David McAllister

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David McAllister

Chair of the European Parliament Foreign Affairs Committee
Assumed office
1 February 2017
Preceded byElmar Brok
Member of the European Parliament
Assumed office
1 July 2014
Vice President of the European People's Party
Assumed office
3 October 2015
PresidentJoseph Daul
Preceded byMichel Barnier
Minister-President of Lower Saxony
In office
1 July 2010 – 19 February 2013
ChancellorAngela Merkel
Preceded byChristian Wulff
Succeeded byStephan Weil
Chairman of the Christian Democratic Union of Lower Saxony
In office
19 June 2008 – 12 November 2016
LeaderAngela Merkel
Preceded byChristian Wulff
Succeeded byBernd Althusmann
Personal details
David James McAllister

(1971-01-12) 12 January 1971 (age 53)
Berlin, Germany
Political party German:
Christian Democratic Union
European People's Party
Spouse(s)Dunja Kolleck
Alma materUniversity of Hanover

David James "Mac" McAllister (born 12 January 1971) is a German politician of the conservative Christian Democratic Union (CDU). On 1 July 2010 he was elected Minister-President of the state of Lower Saxony,[1][2] succeeding Christian Wulff, who resigned following his election as President of Germany. Until 2013, McAllister headed a coalition government with the liberal FDP, the Cabinet McAllister. In 2013, he was succeeded by Social Democrat Stephan Weil. Since 2014 he has been a Member of the European Parliament.

A lawyer by profession, he has been the chairman of the CDU parliamentary group in the Landtag of Lower Saxony from 2003 to 2010 and was elected chairman of the state party from 2008 until 2016. From 2010 until 2013, he was also a member of the supervisory board of Volkswagen.

McAllister is of German and Scottish descent, and he leads a state that has historic ties to Britain, as the old Kingdom of Hanover makes up parts of the state and the state capital is Hanover City.

Biography[change | change source]

Bederkesa Castle, a landmark in Bad Bederkesa

McAllister was born in West Berlin on 12 January 1971 to a Scottish father and a German mother. His father, James Buchanan McAllister, was a British civil servant, originally from Glasgow (where the family still has relatives). He had been stationed in West Berlin since 1969, attached to the Royal Corps of Signals. His mother, Mechthild McAllister, is a music teacher. David McAllister was raised bilingual (speaking English and German) and attended a British primary school in Berlin.[3]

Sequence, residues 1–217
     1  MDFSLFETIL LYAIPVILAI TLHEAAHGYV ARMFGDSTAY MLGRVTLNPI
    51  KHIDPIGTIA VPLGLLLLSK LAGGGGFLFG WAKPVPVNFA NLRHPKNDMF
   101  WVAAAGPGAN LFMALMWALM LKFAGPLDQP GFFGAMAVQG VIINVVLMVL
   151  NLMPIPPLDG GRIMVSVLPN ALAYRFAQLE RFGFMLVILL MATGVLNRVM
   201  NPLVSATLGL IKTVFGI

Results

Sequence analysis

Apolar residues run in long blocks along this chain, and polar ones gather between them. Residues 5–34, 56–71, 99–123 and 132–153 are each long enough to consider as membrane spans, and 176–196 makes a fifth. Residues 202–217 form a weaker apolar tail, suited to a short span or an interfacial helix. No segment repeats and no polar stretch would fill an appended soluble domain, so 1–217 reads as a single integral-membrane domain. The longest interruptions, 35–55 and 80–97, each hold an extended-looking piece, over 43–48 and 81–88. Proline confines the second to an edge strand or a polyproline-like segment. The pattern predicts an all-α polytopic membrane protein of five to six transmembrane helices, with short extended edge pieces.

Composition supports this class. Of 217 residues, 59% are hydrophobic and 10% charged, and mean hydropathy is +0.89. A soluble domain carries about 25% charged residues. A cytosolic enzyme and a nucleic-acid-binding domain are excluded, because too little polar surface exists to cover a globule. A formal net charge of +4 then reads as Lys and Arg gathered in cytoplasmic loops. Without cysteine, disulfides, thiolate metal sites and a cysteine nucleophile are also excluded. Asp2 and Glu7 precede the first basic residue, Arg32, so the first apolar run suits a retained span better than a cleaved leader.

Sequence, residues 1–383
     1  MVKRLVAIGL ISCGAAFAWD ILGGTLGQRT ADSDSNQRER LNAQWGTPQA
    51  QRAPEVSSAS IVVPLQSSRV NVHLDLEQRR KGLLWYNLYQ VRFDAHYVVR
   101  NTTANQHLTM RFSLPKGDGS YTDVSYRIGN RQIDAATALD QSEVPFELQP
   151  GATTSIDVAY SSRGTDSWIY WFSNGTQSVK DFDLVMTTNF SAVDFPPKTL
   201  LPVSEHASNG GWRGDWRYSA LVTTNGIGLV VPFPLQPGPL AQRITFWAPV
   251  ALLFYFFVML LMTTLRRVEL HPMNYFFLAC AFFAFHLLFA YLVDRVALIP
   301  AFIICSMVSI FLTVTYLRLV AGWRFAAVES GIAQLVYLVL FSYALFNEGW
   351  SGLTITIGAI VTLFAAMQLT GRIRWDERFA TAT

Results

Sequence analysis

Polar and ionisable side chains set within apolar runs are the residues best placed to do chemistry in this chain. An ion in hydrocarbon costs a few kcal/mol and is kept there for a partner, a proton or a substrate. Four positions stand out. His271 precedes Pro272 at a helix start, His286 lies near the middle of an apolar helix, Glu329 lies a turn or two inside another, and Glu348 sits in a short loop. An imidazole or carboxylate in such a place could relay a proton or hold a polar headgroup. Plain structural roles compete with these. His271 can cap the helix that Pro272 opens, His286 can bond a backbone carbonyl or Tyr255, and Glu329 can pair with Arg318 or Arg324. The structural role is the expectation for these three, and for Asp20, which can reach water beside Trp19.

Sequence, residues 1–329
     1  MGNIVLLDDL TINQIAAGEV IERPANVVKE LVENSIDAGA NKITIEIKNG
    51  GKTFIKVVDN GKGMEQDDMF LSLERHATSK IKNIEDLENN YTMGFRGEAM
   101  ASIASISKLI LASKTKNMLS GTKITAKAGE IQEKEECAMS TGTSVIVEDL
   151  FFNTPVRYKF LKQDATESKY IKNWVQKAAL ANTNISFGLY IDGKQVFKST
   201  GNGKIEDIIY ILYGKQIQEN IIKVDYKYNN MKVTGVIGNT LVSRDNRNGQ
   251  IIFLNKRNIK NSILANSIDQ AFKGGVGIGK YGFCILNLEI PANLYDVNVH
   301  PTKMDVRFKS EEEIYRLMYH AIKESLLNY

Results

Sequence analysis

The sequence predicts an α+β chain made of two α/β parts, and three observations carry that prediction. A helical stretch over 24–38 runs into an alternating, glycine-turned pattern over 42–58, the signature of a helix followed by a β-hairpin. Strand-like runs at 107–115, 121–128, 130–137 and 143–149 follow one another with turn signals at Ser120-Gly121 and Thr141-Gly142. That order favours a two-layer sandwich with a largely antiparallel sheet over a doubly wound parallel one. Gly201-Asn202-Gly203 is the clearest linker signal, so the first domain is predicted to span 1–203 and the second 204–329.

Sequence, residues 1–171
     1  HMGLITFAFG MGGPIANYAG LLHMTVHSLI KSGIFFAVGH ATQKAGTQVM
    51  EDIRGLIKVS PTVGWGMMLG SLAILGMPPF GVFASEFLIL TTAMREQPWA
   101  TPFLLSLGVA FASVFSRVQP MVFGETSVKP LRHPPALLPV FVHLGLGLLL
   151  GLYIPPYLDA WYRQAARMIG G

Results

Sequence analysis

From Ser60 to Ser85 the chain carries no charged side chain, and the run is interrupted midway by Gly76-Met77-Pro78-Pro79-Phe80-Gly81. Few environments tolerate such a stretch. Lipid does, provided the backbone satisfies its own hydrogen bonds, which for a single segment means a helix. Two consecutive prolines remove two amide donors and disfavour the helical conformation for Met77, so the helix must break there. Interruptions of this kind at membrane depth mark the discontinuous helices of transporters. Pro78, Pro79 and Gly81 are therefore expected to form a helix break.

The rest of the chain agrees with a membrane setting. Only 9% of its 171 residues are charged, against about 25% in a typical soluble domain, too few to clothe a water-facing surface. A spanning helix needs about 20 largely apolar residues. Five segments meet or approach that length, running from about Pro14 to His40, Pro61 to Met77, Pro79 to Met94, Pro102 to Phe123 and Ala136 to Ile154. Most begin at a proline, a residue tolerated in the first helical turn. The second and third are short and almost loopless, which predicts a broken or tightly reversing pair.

After his parents moved to the small town of Bad Bederkesa in Lower Saxony in 1982, he went to the Lower Saxon Internatsgymnasium (boarding school) in Bederkesa, where he took his Abitur in 1989. From 1989 till 1991, McAllister served as a soldier in the Bundeswehr, in Panzerbataillon 74 in Cuxhaven. From 1991–96 he studied law with a scholarship of the Konrad Adenauer Foundation at the University of Hanover. In 1994, McAllister became local chairman of the Junge Union, the CDU youth organisation, in the Cuxhaven district.

David McAllister is both a German and a British citizen, but says that he is "more or less completely German. I've lived in Germany all my life. I did all my school in Germany and my military service in Germany."[4] His upbringing in West Berlin, however, he describes as "very British" with "British network, British schools". Holding dual citizenship, he could have relinquished his German citizenship to avoid compulsory military service in Germany (the UK does not have compulsory military service), but opted to serve instead.[5]

McAllister has said that "my upbringing in West Berlin may have had an impact on my resentment towards communists. I became a member of the CDU when I was 17 – it was a birthday present. My parents said, 'What do you want for your birthday?’ I said I wanted to become a member of the CDU", explaining that his father was a Conservative, although none of his parents were involved in party politics.[4]